McLaren might have had a lean spell in Formula 1 in recent seasons, but the scale of the operation in Woking is still daunting to a brand new rookie driver such as Lando Norris.
"It's pretty insane," Norris told Autosport magazine this week when asked what his first impressions of life at the McLaren Technology Centre had been like. "It's at the higher end compared to the majority of the teams!"
Norris spent a year as the team's test and reserve driver in 2018, before being confirmed in a full-time racing role this season alongside Carlos Sainz.
In his first 12 races as a Grand Prix driver, Norris has picked up 24 championship points including two sixth place finishes in Bahrain and Austria. It's helped the team consolidate fourth in the constructors championship heading into the mid-season summer break.
But the 19-year-old from Glastonbury says it took time to get his head around the task in front of him, and to grips with the high expectations of the team as a whole.
"Every day I walk in it's always awesome," he said. "It does add a bit of pressure at the same time, knowing all of these people there are relying on Carlos and myself to do a good job.
"It puts more pressure on you, but it's a pressure that's gone away more and more, in a good way," he explained. "I did the first race, and I was like: 'I've got a lot of people expecting things!'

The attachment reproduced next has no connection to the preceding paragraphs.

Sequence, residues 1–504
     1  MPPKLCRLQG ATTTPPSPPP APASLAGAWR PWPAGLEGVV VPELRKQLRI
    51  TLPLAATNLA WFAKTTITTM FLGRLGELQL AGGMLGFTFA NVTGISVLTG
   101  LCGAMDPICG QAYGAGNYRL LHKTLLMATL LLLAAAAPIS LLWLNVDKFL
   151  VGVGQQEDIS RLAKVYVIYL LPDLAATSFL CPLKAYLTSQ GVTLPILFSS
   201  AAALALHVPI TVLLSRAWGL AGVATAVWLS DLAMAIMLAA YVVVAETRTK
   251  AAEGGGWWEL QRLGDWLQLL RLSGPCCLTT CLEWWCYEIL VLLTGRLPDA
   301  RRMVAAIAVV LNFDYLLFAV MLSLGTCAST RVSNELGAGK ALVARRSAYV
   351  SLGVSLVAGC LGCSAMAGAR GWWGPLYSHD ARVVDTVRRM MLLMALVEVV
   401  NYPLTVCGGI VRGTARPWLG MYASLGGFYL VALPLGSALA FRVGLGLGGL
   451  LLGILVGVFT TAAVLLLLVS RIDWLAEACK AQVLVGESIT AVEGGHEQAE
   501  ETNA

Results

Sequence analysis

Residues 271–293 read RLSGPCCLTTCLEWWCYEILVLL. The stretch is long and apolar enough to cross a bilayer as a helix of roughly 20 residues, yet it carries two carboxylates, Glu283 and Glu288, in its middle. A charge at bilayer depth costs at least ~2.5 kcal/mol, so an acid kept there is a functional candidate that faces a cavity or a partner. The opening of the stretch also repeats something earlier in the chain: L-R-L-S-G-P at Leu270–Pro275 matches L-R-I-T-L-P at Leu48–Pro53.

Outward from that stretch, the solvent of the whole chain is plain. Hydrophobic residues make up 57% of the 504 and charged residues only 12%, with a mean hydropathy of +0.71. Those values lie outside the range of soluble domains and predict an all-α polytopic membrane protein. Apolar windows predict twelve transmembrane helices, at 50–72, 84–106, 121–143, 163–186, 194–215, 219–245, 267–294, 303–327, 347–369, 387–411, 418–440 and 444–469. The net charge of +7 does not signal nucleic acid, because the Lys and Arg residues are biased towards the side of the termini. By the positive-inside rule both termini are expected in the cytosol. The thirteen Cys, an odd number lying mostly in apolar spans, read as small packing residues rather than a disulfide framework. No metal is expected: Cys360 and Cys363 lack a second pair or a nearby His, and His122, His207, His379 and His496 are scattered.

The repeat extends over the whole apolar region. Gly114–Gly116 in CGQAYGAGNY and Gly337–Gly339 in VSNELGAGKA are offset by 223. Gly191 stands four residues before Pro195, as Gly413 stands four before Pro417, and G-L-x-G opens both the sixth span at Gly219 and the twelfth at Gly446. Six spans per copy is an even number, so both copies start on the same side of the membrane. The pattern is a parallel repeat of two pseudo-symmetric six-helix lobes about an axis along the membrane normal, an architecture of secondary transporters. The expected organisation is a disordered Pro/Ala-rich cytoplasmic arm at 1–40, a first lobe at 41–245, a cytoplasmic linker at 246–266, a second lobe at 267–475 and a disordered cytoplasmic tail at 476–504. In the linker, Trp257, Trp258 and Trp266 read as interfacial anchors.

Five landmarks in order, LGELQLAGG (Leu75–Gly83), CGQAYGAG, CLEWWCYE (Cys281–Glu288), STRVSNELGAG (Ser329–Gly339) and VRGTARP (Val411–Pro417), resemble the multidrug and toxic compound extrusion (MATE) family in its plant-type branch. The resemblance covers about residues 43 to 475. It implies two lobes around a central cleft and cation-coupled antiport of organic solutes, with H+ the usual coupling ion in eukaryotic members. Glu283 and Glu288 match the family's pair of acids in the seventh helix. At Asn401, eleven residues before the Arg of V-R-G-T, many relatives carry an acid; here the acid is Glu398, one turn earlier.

"It's the same now, but I'm more relaxed on that side," he continued. "And more confident in my own driving, that I can do a better job and I won't disappoint them.
Norris was FIA European Formula 3 champion in 2017 and runner-up in last year's Formula 2 championship, but says that the scale of the operation in the junior formulae simply didn't compare to his current workplace.
"In F2 you don't have upgrades," he pointed out. "You make tweaks here and there, but it's nowhere near on the level F1 is."
As a result, that there's a lot more emphasis in Formula 1 on driver feedback to drive the car's development through the current season and beyond.
"Together with Carlos, everything I say now and complain about is stuff they might have an upgrade for in three, four or five races time.
"If I don't think of it in the right way, or describe it in the right way, it's only going to have a negative effect when we have that upgrade coming.
"A lot of the stuff I say this year, next year will have a big effect as well [so] you just need to think a bit more about longer-term effects."
That sense of the responsibility on his shoulders had led to Norris soaking up as much about the details of the sport as possible.
"I've spoken to a lot of people, aerodynamicists, and guys in different bays or the carbon shop or trim shop or whatever," he said.
"It's always cool, and I always find out something more."